Get help now

Saga enezuelean Bolivar Fuerte



  • Pages 3
  • Words 681
  • Views 352
  • Can’t find relevant credible information

    Let our experts help you

    Get help now

    Q1: Why must a country’s currency must be devaluated? What is failing in the economy?

    First, the reason would be for stimulating the exports of goods=> more money in the country => push the production, economy in general and employment rate and set premises for economic growth.

    Somewhere between 92 and 94% of export income in Venezuela comes from oil, and the money obtained heavily contribute to the local manufacturing development, and agriculture. By not pushing into this direction the predictable result will be that everything continues to be imported with US dollars => increase in prices => inflation => recurring devaluations.

    A steep devaluation of a country currency, would be a signal for foreigners to stop investing in the country due to speculations and uncertainty => push interest rates for loans => increase unemployment and that leads to recession= > devaluation of the currency is not, by far, the best way to improve the economy.

    Q2: What benefit did the Venezuelean regime in power gain from the repeated devaluation of the bolivar?

    Venezuelan government devalued its bolivar currency several times between 2005 – 2010 but in 2011 also cut the preferential rates for food,medicine, and heavy machinery that enjoyed a preferential FX rate: 1BsF = 2.60/$. The intentaion might be the stimulation of the local production instead of relaying heavily on imports. Although let out of controll the the devaluaton leads straight to years of recession.

    Venezuelean regime might also devaluing the BsF to avoid to take the inflationary hit (2011) although unfair for the population that was constrainted to accept a brutal increase in all prices, especially the ones for the ordinary food and medicine.

    The weeks before the devaluation, all the market was in shortages of everything and prices in a matter of a week have gone up six times. Tomatoes, were 5 BsF/ kilo at the local outdoor markets (known as the “cheap” place to buy fresh food ) and a week later they’d gone up 30 BsF/ kilo (from roughly $1.15 to $7). “I think the business community knew this was coming.

    Also people speculates that the stores and supermarkets’ owners held back the merchandise when rumors about devaluation burst and after prices increased they mark it to the new prices and opened the business again. In a hilarious way of saying “there is no shortage of anything next week – if you can afford to pay the prices.”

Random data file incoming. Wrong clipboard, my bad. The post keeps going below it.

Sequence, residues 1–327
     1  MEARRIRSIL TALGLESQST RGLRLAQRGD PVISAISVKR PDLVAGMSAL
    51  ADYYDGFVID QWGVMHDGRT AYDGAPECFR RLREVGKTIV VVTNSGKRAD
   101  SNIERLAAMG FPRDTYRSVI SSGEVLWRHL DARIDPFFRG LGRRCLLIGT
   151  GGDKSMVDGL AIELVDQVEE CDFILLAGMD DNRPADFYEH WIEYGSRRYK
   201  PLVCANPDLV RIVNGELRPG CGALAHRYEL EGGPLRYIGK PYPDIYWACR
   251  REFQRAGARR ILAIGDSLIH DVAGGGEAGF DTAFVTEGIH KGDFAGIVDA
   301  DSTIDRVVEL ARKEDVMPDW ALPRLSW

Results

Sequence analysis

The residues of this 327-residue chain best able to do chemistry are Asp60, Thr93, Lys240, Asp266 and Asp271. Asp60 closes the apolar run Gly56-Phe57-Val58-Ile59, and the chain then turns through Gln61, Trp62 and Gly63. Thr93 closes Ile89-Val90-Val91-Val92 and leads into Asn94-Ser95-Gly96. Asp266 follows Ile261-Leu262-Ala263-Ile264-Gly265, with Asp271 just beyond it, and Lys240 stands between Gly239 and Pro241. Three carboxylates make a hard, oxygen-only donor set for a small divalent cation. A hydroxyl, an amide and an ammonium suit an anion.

Q3: By the time you read this you will know whether the analysts predicting the future of the bolivar were correct. How did they do?

    Venezuela devalued its currency for the fifth time in 9 years, between 2003-2012 as President Hugo Chavez seeked to narrow a widening fiscal gap and reduce a shortage of dollars in the economy. The new exchange rate falls by 32% to 6.3 Bolivar per dollar starting February 2013. The devaluation helped to reduce the budget deficit by increasing the amount of Bolivar the government receives from exports, especially oil. Venezuela’s fiscal gap widened to 11% of GDP in 2012 from 4% in 2011, according to Moody’s.

    Annual inflation accelerated to 22.2% in January, the fastest pace in eight months, led by a jump in food prices. Prices decreased by 3.3% in January after rising 3.5% in December 2012. In the black market, the Bolivar weakened 6% to 19.53 BsF per $, according to Lechuga Verde, a website that tracks the rates.

    The devaluation of the Bolivar created frustration and anger not only among the population and the politicians “against Chavez”, so called “Opposition” but even financial analysts and newspapers “pro Chavez” agreed that “devaluation of the Bolívar is a “betrayal of the Bolivarian Revolution” . Some opines that the “betrayal” consists in the government not having “consulted with the people” on the matter beforehand, especially after the people came out to support Chavez and the Bolivarian Process in October 2012 elections.

    Chavez was not elected President in 2013 but Nicolas Maduro former Minister of Foregin Affairs and Vice President won the elections. (Apr 2013) However population is not over yet the outrage of the devaluation and vote of punishment for the new president is not out of the question, said the analysts.

    Source: Internet, website articles” – “Lechuga Verde” /News

    Saga enezuelean Bolivar Fuerte. (2016, Jun 28). Retrieved from

    Hi, my name is Amy 👋

    In case you can't find a relevant example, our professional writers are ready to help you write a unique paper. Just talk to our smart assistant Amy and she'll connect you with the best match.

    Get help with your paper